Choosing appliances: heating and cooling

When weighing up the cost of your appliance, often the initial price does not tell the whole story
The two most popular and most energy-efficient fully installed electricity-based heating options are reverse-cycle air conditioning and hydronic heating
Where you locate, how you use your air-conditioner will impact its efficiency
Think about installing ceiling or pedestal fans as a cheaper alternative

Plug-in appliances account for an average of 25% of total residential energy consumption across Australia. In some cases, home appliances account for nearly 50% of all energy use in a home, and 45% of total Lifecycle Carbon Emissions (LCE) over the home’s 50-year life.

You could save a considerable amount of money over time by looking at running costs as a ‘second price tag’ and choosing products accordingly. Many appliances with a less expensive purchase price may end up costing you far more in energy costs over the lifetime of the product.


There are advantages and disadvantages to reverse-cycle air conditioning and hydronic heating, and either may suit some people, house designs and climates better than others. Other options include resistive electric heaters, convection heaters, and hydronic installed in-floor water pipes. 

Reverse-cycle air conditioners are the most efficient form of electric heating commonly available—indeed, their efficiency is usually of the order of several hundred per cent. They are often referred to as heat pumps since they pump or move heat from one place to another. Because they source or sink their heat into the outside air, they are known as air-sourced heat pumps.

Modern reverse cycle air conditioning systems are becoming more efficient, particularly in terms of energy consumption and cost, making them a very good investment in comfort and health. As electricity prices continue to rise, efficiency is becoming increasingly important. For example, one kWh of electricity consumed, will generate three or more kWh of heating or cooling. 

Heat pump hydronic heating moves heated water through one or more pipe circuits to one or more radiators inside the home, which may be wall-mounted radiators or in-floor pipe coils, or both. Though more expensive and complicated to install, most hydronic systems have multiple circuits to allow zoning, where you can heat all or only part of a home. Heat pumps can change the temperature by concentrating this energy and shifting it around.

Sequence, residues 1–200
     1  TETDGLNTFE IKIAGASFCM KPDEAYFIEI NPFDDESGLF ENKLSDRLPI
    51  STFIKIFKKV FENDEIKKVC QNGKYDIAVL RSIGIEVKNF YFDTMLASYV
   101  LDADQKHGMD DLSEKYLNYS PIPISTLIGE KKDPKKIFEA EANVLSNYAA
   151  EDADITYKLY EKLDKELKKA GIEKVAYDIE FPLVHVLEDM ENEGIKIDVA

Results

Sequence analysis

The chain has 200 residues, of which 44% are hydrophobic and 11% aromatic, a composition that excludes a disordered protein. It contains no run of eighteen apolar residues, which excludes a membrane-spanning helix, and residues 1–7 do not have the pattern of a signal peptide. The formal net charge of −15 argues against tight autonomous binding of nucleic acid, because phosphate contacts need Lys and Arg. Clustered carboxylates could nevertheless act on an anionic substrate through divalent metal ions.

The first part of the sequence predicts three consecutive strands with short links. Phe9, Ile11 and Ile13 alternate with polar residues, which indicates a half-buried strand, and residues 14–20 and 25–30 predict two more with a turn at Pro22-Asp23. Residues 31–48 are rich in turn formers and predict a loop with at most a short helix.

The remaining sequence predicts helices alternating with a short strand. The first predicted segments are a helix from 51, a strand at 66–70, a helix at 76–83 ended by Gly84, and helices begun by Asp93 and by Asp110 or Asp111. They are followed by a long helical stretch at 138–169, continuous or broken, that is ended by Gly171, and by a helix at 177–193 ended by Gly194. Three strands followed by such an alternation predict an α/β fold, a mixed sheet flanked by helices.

Heat pump systems include a storage tank for thermal storage and to provide a buffer, which allows the boiler to run heavily and then turn off, allowing the boiler to operate at maximum efficiency.


When it comes to staying cool there are ways to maximise your reverse cycle air-conditioner. You can also think about installing ceiling fans as a more energy efficient option. It’s no surprise that the harder your air conditioner must work to cool down your room, the more electricity it’s going to use and the more it will cost you.  

A standard air conditioner’s temperature should be set to 25 to 27 degrees for cooling in summer, and around 18 to 20 degrees for heating in winter. This is to ensure maximum energy efficiency from your unit.  

To reduce the running costs of your air-con unit/s make sure you:

  • Get the correct-sized unit for your home;
  • Make sure the unit is correctly positioned;
  • Make sure your unit is regularly maintained and the filter kept clean so it can work as efficiently as possible;
  • Invest in a smart air con with app capability so you can switch it off remotely if you forget to turn it off when you leave the house.

Some heat pump hydronic systems can also provide cooling in summer, just like reverse- cycle air conditioners. Not all heat pump systems do this, so if cooling is required then you will need to specify this to your system designer when getting quotes.

The evenings are usually cooler so set your air conditioner to turn off later in the evening while you sleep. Keep your house cool and shaded so your unit doesn’t have to work unnecessarily hard.  Use a pedestal fan or ceiling fan to help circulate the warm or cool air produced by your air conditioner. A ceiling fan works well to move cool air through the house, and a pedestal fan placed on the ground is better for circulating warm air.  

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